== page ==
The Commissioner for the Elderly has described the inquiry into the disappearance of a patient from St Vincent de Paul as ‘fair’ and said disciplinary action should be taken against staff who failed to follow basic procedures.
“What happened cannot simply be brushed aside as if nothing happened,” Godfrey La Ferla told Times of Malta.
“They should have been doing their job, which is taking care of vulnerable people. Instead, we are in a situation where there is a possibility that someone has died.”
La Ferla was reacting to Monday’s publication of an internal investigation into the disappearance of Carmelo Fino, also known as ‘Karmenu and Charlie’. He has now been missing since June 28.
In his inquiry findings, Judge Geoffrey Valenzia pinned the responsibility for Fino’s disappearance on eight staff members on duty that night.
A gate was left open and unguarded by four staff members, and another four did not provide a handover that would have proven whether routine checks had been carried out throughout the night.
The judge also said the staff misled those who were involved in the search.
The commissioner is still waiting for a copy of the report.
La Ferla said the staff at St Vincent De Paul do a “wonderful” job and take care of the patients as if they were family.
“Now, if you have one or two people who are not doing their job, they should be called out... at the end of the day, you are risking people’s lives,” he said.
He said the decision to take disciplinary action is in the hands of the home’s management, who will take the case to the Public Service commission .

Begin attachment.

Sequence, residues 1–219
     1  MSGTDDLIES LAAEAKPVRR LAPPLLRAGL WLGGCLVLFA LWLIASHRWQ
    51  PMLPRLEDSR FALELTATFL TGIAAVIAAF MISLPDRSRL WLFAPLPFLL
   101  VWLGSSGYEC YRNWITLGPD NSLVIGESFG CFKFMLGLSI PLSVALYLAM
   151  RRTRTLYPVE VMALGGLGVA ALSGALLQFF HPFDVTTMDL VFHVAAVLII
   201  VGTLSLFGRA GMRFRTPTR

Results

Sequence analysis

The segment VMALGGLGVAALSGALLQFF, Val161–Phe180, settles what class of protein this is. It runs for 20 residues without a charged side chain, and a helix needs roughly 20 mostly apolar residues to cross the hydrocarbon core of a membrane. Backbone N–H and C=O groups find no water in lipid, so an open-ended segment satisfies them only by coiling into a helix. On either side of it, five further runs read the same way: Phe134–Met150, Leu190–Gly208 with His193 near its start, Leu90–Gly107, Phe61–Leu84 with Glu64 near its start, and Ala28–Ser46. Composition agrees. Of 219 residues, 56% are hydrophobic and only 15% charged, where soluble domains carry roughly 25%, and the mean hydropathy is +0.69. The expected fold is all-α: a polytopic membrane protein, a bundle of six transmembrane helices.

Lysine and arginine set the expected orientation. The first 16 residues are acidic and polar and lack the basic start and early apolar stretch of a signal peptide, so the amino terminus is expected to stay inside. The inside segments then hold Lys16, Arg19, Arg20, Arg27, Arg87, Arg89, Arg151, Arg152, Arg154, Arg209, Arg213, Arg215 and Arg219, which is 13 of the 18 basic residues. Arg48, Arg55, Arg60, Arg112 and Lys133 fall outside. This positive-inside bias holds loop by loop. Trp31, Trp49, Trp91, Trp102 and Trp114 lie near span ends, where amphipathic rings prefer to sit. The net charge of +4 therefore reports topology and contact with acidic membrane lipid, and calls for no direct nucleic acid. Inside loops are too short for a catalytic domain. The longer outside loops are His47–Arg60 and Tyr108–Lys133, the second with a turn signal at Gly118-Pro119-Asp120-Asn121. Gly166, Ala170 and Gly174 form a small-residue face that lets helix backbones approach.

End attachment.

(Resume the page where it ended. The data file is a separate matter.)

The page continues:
They should have been doing their job, which is taking care of vulnerable people. Instead, we are in a situation where there is a possibility that someone has died- Commissioner for the Elderly Godfrey La Ferla
La Ferla echoed similar comments to that of Active Ageing Minister Jo Etienne Abela, who said the inquiry showed there was “not a system failure”.
He said Judge Valenzia’s conclusions were “reasonable” and the report is “fair.”
“I believe that vulnerable people need to be protected at all costs. If there are regulations saying the gate should be closed at a certain time, then this should be followed and if the staff should check on residents throughout the night, then this should be followed,” he said.
When asked if the home’s CEO should be held responsible, La Ferla argued otherwise.
“You cannot hold the CEO accountable for individual misdemeanours, especially if she was unaware of them,” he said.
“If she was flagged about these mishaps before and did not take action, then that is something completely different... but I doubt that is the case.”